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Philosophy, Psychiatry, & Psychology 9.4 (2002) 343-347



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Mysticism and Psychosis:
Descriptions and Distinctions

Michael McGhee


IT IS REFRESHING to read a paper that manages at once to be interdisciplinary and intercultural in its range of reference, and that also confronts a difficult and controversial question about how we are to assess the similarities and differences between psychotic and mystical experiences. Many psychiatrists have been skeptical about whether there are any genuine differences, and not, mostly, because they thought that psychotics were in reality mystics. But mystical is pretty vague, as is spiritual, and that does not bode well for the enterprise of making comparisons, unless we can tie these latter terms down with some precision. How vague psychosis is I must leave others to judge, but one of the conclusions I have drawn from reading this paper is that the crucial questions turn not on agreed definitions, but on agreed judgments about what are to count as the examples or cases that fall under the definitions. I have some doubts about Caroline Brett's approach to these questions, in the first half hesitant doubts, in the second part less so. Her leading claim appears first in the Introduction:

. . . spiritual or mystical experiences are those states in which the form of experience is altered from normal consciousness, resulting in a new understanding of the basic nature of reality, life, and the individual. Psychotic experiences are those states that also flow from alterations of the form of experience, but result in a pathological interaction between the individual and the world. Therefore, according to these definitions, phenomena occurring in a spiritual context may be identical to those traditionally viewed as symptoms of psychosis, but cannot be seen as psychotic in themselves. (Brett 2002, 322)

What I was struck by in reading this passage was not so much the claim that "phenomena occurring in a spiritual context may be identical to those traditionally viewed as symptoms of psychosis, but cannot be seen as psychotic in themselves." What struck me was its implication: that psychotic experiences cannot be seen as psychotic in themselves, either. In other words, the claim is that there is a neutral core of common experience shared by psychotic and mystic alike. I do not know how controversial this is in the psychiatric literature that deals with delusion and hallucination, but I should like to explore the claim a little in what follows. Brett expands on it near the end of her paper:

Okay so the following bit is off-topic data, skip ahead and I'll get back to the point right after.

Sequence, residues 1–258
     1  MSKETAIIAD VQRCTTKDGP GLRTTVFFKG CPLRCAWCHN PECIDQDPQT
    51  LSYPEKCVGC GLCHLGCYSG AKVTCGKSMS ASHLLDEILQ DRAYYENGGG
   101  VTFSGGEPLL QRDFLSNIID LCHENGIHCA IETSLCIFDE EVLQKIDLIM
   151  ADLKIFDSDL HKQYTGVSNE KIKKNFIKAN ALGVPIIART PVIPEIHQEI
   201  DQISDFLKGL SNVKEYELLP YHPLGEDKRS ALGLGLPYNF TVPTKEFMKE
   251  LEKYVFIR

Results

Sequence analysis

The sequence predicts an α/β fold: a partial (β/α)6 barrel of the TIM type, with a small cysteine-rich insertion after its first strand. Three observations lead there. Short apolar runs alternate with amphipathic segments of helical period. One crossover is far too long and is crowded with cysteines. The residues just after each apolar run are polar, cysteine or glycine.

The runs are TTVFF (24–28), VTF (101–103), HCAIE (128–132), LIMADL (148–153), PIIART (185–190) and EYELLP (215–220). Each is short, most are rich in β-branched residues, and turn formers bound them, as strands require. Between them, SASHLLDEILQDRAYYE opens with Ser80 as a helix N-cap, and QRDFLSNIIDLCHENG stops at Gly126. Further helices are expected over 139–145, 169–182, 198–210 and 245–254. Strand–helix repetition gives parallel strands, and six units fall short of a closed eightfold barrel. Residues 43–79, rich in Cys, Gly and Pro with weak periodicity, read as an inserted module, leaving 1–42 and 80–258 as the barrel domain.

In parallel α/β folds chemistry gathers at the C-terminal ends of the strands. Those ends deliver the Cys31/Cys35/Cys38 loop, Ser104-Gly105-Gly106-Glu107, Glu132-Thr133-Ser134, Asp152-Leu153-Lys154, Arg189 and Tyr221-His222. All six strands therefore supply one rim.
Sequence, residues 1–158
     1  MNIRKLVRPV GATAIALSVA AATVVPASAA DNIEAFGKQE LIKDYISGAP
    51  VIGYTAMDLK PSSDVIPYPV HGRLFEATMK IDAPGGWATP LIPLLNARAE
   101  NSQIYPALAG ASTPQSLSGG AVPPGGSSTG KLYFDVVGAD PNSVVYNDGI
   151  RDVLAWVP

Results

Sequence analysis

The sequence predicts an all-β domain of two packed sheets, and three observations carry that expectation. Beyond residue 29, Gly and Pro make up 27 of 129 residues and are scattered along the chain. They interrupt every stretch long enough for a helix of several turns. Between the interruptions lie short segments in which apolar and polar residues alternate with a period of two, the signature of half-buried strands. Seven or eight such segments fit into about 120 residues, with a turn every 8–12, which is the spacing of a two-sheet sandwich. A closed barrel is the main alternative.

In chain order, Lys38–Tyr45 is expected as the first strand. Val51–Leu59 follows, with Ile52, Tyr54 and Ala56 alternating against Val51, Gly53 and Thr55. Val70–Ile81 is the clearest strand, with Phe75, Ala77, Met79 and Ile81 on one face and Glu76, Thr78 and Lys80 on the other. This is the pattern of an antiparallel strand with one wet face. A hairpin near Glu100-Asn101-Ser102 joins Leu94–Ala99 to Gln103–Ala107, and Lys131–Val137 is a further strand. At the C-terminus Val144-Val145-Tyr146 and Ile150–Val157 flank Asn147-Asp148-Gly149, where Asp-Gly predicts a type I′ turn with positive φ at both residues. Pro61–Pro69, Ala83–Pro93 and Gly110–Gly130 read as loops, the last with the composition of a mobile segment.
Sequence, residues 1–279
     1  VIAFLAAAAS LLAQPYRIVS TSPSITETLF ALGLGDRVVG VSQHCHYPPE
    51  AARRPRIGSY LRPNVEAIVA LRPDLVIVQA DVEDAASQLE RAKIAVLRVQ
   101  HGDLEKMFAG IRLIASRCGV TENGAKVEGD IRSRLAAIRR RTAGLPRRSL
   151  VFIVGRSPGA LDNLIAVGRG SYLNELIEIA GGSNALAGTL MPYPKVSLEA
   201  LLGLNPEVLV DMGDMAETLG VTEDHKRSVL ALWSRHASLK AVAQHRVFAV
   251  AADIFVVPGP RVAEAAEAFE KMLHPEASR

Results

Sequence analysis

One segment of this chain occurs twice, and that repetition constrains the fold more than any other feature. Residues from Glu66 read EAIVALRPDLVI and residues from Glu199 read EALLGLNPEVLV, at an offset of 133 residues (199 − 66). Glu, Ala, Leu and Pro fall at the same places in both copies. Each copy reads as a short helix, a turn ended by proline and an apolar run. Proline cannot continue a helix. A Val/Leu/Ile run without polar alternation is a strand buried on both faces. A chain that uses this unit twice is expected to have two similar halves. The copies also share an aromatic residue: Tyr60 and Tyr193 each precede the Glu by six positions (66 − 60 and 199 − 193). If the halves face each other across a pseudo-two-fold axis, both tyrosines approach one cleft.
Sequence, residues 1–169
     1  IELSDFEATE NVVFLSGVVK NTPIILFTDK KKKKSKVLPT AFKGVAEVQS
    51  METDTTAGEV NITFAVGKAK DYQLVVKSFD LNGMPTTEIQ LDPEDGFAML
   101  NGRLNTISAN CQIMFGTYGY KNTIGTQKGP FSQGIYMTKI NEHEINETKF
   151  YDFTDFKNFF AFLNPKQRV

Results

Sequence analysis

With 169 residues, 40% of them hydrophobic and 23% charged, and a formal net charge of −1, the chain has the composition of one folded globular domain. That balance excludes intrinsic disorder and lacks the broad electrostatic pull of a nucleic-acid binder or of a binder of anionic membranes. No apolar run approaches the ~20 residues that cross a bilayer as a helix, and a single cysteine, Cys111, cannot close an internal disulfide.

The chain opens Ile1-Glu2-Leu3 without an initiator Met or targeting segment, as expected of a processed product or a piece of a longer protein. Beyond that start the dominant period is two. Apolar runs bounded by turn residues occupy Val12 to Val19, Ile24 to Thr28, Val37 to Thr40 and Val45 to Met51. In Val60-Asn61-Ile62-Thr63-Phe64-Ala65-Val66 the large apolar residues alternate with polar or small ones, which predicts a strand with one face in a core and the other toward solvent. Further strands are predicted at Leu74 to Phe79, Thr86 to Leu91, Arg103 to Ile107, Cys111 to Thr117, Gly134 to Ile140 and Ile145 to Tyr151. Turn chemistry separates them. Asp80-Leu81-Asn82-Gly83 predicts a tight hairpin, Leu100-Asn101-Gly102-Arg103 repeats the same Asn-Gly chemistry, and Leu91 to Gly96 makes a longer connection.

The pathology that differentiates the psychotic from the benign mystical state lies not in the content of beliefs, or even in the broad form of experience, but in a few interrelated commonsense factors. It consists of an inability to return to the ontological framework of consensus reality; in psychological isolation, and inability [End Page 343] to accommodate to the subjectivity of others; in a focus of interest in the mental realm and loss of practical concerns that leads to paucity of action and neglect of self-care. (Brett 2002, 336)

This pushes the pathology away from the experience that might have been thought to constitute the psychosis. I wonder whether there are problems with this. The fact, if it is one, that both mystic and psychotic alike undergo "an altered state" clearly does not imply that there is a (common) altered state that they both undergo, so what are the grounds for the claim that the core or central experience is the same? What kind of experiences are claimed to be common? How are we to conceive delusion on this scenario?

What makes psychotic experiences psychotic on the present pushed back view seems to be that they "result in a pathological interaction between individual and world" (my italics), which thus exonerates the experience itself of pathology, pushing it back to one possible set of consequences for someone who reacts badly to the experiential phenomena (e.g., their inability to return from it). It seems to suggest that someone can be comfortable or well adapted to their voices and visions (and surely there are such people around, for whom the boundaries...

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Additional Information

ISSN
1086-3303
Print ISSN
1071-6076
Pages
pp. 343-347
Launched on MUSE
2003-08-06
Open Access
No
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